honour's laced cloaths out of the great
campaign trunk, to be well air'd, and
have the blue and gold taken up at the
sleeves -- and I'll put your white ramillie-

[ 127 ]

wig fresh into pipes -- and send for a
taylor, to have your honour's thin
scarlet breeches turn'd ----

  -- I had better take the red plush ones,
quoth my uncleToby ---- They will be
too clumsy -- said the corporal.


  ---- Thou wilt get a brush and a little
chalk to my sword ---- 'Twill be only in
your honour's way, replied Trim.


  ---- But your honour's two razors
shall be new set -- and I will get my Mon-
tero cap furbish'd up, and put on poor
lieutenant Le Fever's regimental coat,
which your honour gave me to

             2             wear

[ 128 ]

wear for his sake -- and as soon as your
honour is clean-shaved -- and has got your
clean shirt on, with your blue and gold,
or your fine scarlet ---- sometimes one
and sometimes t'other -- and every thing
is ready for the attack -- we'll march up
boldly, as if 'twas to the face of a bas-
tion ; and whilst your honour engages
Mrs. Wadman in the parlour, to the
right ---- I'll attack Mrs. Bridget in the
kitchen, to the left ; and having seiz'd
that pass, I'll answer for it, said the cor-
poral, snapping his fingers over his head
-- that the day is our own.

  I wish I may but manage it right ; said
my uncle Toby -- but I declare, corporal
I had rather march up to the very edge of
a trench ----

                          -- A

[ 129 ]

  -- A woman is quite a different thing
-- said the corporal.

  -- I suppose so, quoth my uncle Toby.


IF anything in this world, which my
father said, could have provoked my
uncle Toby, during the time he was in
love, it was the perverse use my father
was always making of an expression of
Hilarion the hermit ; who, in speaking
of his abstinence, his watchings, flagel-
lations, and other instrumental parts of
his religion -- would say -- tho' with more
facetiousness than became an hermit --
``That they were the means he used, to
make his ass (meaning his body) leave
off kicking.''

   VOL. VIII        K            It

[ 130 ]

  It pleased my father well ; it was not
only a laconick way of expressing ----
but of libelling, at the same time, the
desires and appetites of the lower part of
us ; so that for many years of my fa-
ther's life, 'twas his constant mode of
expression -- he never used the word pas-
once -- but ass always instead of
them ---- So that he might be said truly,
to have been upon the bones, or the back
of his own ass, or else of some other
man's, during all that time.

  I must here observe to you, the differ-
ence betwixt

      My father's ass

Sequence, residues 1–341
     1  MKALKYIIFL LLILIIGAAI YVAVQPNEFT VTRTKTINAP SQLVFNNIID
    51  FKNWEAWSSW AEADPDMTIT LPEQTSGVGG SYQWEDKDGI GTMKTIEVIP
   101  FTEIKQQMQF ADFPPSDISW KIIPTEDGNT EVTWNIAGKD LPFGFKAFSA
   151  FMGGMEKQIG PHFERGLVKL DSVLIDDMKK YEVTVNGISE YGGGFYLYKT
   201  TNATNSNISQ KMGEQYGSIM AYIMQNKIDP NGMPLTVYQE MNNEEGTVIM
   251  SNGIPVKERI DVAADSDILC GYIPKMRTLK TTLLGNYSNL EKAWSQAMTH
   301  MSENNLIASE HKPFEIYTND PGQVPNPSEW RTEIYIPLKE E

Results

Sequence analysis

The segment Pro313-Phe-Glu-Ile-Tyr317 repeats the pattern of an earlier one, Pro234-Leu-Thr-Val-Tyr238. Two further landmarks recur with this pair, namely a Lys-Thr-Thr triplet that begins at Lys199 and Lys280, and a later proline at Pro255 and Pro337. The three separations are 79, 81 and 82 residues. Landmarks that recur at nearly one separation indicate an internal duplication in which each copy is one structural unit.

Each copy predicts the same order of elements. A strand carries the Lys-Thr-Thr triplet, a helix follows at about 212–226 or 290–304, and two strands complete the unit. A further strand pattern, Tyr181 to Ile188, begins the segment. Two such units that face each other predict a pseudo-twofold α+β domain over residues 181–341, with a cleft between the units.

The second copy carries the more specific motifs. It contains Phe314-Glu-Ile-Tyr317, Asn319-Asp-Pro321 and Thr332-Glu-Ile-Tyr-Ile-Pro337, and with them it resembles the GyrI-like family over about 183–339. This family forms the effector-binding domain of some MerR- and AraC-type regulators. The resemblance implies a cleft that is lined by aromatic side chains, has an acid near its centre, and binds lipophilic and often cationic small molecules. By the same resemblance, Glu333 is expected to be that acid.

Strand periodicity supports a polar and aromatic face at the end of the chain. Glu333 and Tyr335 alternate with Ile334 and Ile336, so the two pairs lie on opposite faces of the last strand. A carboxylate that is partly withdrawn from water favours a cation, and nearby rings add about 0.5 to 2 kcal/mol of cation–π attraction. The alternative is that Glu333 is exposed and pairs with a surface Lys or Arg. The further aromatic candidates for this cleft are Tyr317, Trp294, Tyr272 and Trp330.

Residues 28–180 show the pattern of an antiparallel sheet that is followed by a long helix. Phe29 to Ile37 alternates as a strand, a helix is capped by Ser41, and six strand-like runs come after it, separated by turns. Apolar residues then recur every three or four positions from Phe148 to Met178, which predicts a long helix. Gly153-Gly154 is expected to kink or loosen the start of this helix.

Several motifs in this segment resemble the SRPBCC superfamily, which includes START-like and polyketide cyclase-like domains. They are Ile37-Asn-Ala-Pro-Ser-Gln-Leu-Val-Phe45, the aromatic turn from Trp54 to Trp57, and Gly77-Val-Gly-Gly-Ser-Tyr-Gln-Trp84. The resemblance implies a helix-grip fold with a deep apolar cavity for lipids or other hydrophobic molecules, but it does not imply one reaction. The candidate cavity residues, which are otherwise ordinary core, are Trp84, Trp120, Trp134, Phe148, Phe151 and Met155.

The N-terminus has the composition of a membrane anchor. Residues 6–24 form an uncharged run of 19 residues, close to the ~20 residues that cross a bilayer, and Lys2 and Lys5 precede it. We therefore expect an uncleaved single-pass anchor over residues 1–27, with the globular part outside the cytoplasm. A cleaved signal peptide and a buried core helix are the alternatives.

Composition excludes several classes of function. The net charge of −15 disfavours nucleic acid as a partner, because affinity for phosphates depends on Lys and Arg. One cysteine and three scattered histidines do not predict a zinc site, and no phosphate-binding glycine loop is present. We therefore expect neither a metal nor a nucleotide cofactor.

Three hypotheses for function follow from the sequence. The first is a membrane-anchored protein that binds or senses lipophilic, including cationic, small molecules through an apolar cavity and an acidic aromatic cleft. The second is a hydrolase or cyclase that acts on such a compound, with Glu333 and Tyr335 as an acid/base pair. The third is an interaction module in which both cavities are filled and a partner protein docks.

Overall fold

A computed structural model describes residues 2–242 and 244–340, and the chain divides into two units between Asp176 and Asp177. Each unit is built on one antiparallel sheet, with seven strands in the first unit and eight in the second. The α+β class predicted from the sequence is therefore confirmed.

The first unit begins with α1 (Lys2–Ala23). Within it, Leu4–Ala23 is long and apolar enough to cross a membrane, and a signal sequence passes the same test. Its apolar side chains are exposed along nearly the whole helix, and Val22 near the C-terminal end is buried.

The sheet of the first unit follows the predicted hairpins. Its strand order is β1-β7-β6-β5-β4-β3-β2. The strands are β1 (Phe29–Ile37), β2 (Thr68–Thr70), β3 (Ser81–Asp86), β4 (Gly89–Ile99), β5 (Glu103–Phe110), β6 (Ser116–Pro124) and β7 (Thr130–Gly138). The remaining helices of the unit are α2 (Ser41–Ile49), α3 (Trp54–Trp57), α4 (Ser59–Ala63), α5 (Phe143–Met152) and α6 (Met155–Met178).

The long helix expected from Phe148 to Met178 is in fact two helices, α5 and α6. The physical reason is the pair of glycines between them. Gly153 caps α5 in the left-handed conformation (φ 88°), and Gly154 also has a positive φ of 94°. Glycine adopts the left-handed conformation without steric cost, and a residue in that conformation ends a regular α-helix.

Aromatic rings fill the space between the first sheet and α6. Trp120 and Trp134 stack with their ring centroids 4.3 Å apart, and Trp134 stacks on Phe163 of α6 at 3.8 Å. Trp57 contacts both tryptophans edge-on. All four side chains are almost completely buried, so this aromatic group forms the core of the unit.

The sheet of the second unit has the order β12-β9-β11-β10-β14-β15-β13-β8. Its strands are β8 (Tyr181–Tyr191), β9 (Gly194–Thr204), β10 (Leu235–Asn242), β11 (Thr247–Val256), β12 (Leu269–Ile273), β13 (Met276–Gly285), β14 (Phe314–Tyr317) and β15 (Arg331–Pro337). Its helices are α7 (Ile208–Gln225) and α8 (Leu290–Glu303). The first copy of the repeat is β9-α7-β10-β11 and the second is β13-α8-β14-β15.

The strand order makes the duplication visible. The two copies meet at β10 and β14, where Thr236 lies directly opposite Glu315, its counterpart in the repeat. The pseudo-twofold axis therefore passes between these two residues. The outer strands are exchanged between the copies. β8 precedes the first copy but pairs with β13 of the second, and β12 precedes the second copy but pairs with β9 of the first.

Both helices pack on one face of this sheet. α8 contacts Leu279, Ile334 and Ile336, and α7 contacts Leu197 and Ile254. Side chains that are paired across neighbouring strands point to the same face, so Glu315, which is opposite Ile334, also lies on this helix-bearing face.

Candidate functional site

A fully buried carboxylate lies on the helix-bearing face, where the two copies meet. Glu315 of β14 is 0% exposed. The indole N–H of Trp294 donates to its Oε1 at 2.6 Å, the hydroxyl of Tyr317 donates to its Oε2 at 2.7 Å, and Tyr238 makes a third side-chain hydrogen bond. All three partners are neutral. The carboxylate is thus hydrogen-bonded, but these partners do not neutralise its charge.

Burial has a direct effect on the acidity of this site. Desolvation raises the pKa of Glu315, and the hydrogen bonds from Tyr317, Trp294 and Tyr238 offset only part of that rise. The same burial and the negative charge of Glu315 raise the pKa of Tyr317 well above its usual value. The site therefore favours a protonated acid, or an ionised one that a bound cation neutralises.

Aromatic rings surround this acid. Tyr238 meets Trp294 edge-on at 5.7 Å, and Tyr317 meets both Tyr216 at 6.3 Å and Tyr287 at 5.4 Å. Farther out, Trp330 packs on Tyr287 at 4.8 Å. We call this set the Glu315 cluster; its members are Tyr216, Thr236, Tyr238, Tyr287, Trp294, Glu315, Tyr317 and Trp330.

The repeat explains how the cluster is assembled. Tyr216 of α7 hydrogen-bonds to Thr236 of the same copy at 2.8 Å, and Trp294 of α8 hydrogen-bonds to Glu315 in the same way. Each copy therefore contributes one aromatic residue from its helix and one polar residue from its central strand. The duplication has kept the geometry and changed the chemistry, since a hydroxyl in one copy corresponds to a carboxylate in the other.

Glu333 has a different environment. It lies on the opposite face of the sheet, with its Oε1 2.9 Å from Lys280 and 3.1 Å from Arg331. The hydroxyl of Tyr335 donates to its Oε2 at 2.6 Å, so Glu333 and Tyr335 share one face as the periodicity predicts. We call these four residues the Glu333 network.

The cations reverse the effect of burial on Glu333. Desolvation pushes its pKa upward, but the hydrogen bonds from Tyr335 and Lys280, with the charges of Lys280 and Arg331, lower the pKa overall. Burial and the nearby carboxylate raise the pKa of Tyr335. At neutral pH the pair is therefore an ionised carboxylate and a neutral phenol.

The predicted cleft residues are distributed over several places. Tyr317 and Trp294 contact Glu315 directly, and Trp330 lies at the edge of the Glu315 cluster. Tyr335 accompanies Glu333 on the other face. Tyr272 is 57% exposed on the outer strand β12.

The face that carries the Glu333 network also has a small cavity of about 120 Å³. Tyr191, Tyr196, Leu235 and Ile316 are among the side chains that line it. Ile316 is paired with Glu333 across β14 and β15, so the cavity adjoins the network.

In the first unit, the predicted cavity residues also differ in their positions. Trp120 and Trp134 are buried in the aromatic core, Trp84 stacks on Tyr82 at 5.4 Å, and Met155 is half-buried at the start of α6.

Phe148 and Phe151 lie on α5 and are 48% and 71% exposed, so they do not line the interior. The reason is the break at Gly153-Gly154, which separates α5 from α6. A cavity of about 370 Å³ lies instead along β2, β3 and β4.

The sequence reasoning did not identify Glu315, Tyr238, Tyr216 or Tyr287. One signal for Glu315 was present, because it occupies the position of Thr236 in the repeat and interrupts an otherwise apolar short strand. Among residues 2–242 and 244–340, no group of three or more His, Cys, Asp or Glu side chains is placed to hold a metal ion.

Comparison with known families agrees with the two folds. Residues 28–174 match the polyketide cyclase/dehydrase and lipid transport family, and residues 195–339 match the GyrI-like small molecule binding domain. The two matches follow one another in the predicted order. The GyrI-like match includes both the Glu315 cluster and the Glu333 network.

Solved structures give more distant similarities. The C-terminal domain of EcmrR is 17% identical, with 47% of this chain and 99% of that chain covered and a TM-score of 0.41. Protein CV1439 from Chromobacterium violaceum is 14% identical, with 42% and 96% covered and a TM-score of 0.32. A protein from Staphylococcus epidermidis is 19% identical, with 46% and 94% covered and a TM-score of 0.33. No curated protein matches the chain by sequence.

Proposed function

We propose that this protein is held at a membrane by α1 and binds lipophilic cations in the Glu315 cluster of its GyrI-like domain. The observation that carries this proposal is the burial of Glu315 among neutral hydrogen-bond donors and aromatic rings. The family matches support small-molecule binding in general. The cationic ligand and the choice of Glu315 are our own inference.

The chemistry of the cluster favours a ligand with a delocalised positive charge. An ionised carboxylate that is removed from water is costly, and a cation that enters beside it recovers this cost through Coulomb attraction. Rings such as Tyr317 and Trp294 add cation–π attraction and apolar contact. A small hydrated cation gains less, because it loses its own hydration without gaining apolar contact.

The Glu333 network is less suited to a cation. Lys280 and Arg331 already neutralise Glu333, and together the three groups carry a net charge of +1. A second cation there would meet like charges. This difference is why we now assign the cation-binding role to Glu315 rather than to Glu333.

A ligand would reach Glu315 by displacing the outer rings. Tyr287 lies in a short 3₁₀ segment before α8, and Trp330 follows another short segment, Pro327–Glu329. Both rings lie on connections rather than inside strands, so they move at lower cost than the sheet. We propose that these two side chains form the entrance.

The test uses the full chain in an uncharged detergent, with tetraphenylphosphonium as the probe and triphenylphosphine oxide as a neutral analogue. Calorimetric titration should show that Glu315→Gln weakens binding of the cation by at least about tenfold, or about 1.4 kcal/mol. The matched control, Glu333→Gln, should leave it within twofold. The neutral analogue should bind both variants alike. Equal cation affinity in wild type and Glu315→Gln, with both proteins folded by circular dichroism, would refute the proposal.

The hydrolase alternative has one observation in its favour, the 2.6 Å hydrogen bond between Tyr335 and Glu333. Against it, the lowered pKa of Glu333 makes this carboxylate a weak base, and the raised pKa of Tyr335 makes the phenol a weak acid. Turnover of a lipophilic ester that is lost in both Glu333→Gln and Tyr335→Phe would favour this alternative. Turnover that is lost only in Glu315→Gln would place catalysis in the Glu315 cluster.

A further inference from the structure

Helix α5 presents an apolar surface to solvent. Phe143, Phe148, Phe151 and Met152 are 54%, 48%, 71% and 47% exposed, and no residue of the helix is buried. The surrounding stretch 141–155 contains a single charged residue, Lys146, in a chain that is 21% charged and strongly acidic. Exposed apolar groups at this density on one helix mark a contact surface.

and my hobby-horse -- in order to
keep characters as separate as may be, in
our fancies as we go along.

             5             For

[ 131 ]

  For my hobby-horse, if you recollect
a little, is no way a vicious beast ; he has
scarce one hair or lineament of the ass
about him ---- 'Tis the sporting little
filly-folly which carries you out for
the present hour -- a maggot, a butterfly,
a picture, a fiddle-stick -- an uncle Toby's
siege -- or an any thing, which a man makes
a shift to get a stride on, to canter it away
from the cares and solicitudes of life --
'Tis as useful a beast as is in the whole
creation -- nor do I really see how the
world could do without it ------

  ---- But for my father's ass ------ oh!
mount him -- mount him -- mount him --
(that's three times, is it not?) -- mount
him not : -- 'tis a beast concupiscent -- and
foul befall the man, who does not hinder
him from kicking.
             K 2             C H A P.

[ 132 ]


WELL! dear brother Toby, said
my father, upon his first seeing
him after he fell in love -- and how goes
it with your ASSE?

  Now my uncle Toby thinking more
of the part where he had had the blister,
than of Hilarion's metaphor -- and our
preconceptions having (you know) as
great a power over the sounds of words
as the shapes of things, he had imagined,
that my father, who was not very cere-
monious in his choice of words, had en-
quired after the part by its proper name ;
so notwithstanding my mother, doctor
Slop, and Mr. Yorick, were sitting in
the parlour, he thought it rather civil to

[ 133 ]

conform to the term my father had
made use of than not. When a man is
hemm'd in by two indecorums, and must
commit one of 'em -- I always observe --
let him choose which he will, the world
will blame him -- so I should not be asto-